The World Health Organization, WHO, says several countries in Asia have made significant progress in the fight against the AIDS virus, but the continent is still vulnerable to new infections.
The World Health Organization officials, attending a five-day AIDS conference in Hanoi, Vietnam, say they have been encouraged by a steady decline in HIV cases in Thailand and Cambodia during the past decade. HIV is the virus that attacks the immune system and leads to AIDS.
They say Thailand and Cambodia suffer some of the worst HIV infection rates in the world, but the WHO estimates only 20,000 people have been infected this year in Thailand, compared to 143,000 in 1991. Among sex workers in Cambodia, the new infection rate fell to 23 percent last year from more than 40 percent just three years ago.
WHO's regional director Gilles Poumerol attributes the decline to AIDS prevention projects that have vigorously promoted condom use.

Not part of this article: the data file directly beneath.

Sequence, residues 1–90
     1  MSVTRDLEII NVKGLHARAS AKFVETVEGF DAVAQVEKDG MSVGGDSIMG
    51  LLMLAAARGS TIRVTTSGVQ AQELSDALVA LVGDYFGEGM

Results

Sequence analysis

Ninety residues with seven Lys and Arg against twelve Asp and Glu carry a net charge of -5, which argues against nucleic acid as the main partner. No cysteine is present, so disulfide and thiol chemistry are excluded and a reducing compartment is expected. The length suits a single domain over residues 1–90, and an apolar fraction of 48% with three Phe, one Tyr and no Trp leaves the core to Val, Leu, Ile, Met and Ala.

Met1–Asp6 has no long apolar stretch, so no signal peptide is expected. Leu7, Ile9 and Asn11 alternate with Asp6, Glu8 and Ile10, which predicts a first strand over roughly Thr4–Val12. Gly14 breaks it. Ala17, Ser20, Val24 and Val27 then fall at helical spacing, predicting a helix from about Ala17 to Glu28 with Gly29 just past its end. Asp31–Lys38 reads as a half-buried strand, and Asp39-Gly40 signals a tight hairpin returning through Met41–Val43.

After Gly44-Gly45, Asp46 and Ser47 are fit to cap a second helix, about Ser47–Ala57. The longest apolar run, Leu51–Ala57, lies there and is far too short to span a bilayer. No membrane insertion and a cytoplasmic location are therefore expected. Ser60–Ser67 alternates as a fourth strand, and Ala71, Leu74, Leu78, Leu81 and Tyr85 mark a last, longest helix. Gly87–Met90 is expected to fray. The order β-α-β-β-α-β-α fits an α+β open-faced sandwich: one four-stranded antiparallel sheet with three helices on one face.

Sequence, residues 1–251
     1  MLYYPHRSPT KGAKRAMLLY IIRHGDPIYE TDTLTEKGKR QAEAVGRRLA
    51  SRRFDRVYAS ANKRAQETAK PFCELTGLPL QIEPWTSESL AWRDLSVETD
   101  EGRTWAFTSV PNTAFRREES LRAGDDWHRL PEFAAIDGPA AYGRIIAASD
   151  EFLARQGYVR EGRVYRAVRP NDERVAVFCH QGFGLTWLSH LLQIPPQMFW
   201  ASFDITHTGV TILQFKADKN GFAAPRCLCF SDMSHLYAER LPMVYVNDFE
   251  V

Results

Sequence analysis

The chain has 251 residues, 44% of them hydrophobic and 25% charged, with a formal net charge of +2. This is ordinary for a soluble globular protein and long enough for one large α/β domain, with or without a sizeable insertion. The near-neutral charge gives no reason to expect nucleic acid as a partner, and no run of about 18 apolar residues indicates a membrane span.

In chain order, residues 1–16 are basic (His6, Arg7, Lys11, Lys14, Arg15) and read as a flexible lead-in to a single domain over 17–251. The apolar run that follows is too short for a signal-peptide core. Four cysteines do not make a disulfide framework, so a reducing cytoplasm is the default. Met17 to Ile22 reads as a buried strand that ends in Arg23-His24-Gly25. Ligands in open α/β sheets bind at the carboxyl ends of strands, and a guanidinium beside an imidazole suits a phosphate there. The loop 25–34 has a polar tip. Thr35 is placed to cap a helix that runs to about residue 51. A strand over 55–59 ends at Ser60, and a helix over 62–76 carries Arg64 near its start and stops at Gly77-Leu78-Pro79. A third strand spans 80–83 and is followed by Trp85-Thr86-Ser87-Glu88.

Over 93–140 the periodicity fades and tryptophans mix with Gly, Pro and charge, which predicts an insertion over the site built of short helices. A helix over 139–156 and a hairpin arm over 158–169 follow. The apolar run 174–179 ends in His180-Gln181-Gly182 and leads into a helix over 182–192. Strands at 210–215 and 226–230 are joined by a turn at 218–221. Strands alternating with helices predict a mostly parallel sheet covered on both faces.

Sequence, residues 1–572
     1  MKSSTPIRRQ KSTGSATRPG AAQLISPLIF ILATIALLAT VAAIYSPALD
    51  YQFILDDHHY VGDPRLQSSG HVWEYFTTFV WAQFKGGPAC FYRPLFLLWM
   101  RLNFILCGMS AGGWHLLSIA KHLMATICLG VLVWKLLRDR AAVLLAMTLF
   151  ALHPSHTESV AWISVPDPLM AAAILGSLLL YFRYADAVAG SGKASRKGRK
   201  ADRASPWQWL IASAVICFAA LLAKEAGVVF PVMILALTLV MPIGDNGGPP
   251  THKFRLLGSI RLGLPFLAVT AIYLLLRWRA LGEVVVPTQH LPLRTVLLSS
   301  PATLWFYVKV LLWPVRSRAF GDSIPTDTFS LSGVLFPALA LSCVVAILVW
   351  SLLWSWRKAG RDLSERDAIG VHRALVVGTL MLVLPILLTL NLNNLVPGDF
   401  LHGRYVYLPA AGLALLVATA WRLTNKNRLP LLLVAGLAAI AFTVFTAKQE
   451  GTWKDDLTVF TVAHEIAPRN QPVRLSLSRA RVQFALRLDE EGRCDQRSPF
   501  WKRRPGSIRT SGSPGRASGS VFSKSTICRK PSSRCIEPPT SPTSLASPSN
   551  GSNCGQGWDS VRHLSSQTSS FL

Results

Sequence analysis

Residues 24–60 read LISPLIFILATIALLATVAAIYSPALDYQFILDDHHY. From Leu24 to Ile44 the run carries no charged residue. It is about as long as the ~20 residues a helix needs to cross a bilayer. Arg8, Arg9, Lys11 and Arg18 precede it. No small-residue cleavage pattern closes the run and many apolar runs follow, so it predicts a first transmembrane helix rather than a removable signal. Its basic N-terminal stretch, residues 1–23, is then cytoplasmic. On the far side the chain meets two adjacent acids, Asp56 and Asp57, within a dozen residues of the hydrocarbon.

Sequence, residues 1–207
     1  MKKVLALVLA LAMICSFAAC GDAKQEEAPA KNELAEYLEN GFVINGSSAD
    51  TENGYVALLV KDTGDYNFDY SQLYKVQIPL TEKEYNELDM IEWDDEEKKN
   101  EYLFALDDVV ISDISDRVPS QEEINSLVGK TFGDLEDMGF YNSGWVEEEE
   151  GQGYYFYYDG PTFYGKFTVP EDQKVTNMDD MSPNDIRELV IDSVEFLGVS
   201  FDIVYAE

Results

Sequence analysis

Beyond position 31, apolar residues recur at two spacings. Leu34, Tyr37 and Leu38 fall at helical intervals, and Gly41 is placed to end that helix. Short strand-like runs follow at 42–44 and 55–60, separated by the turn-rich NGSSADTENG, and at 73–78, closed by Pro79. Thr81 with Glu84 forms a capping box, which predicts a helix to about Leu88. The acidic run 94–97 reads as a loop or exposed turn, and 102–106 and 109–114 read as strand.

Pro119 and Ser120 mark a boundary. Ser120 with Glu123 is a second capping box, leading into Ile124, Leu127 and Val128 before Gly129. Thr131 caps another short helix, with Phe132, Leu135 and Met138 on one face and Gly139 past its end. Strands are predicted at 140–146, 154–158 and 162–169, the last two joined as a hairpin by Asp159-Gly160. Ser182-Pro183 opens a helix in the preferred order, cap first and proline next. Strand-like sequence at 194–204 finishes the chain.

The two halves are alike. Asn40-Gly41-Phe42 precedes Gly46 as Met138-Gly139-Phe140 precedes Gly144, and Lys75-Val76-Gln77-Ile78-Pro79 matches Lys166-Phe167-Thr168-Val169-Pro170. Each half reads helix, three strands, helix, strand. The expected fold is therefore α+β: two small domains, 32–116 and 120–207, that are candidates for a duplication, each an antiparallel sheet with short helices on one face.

"There are certainly a large number of interventions, which have influenced the trend, for example the education of the general population," he said. "But what appears to be the most effective intervention has been the condom promotion in the sex industry.
Mr. Poumerol says wider condom use is thought to be the best way to avoid AIDS epidemics. Although the percentage of HIV infected people is relatively small in Asia compared to Africa, most experts believe the AIDS crisis has yet to peak in the region. The WHO says educating the public in Asia about the disease is more urgent than ever before as the continent's population becomes more mobile and the region's sex industry continues to expand.
The WHO says Asia's sex industry is extremely profitable, accounting for an estimated two to 14 percent of the gross domestic product in Indonesia, Malaysia, and the Philippines. Even in industrialized Japan, profits from sex based businesses contribute up to three percent of the country's annual GDP.
The WHO believes by 2005, up to 800,000 people in the Asia-Pacific region could die of AIDS every year. How many more will contract the disease in the meantime will depend on how heavily populated countries like China and India respond to the crisis.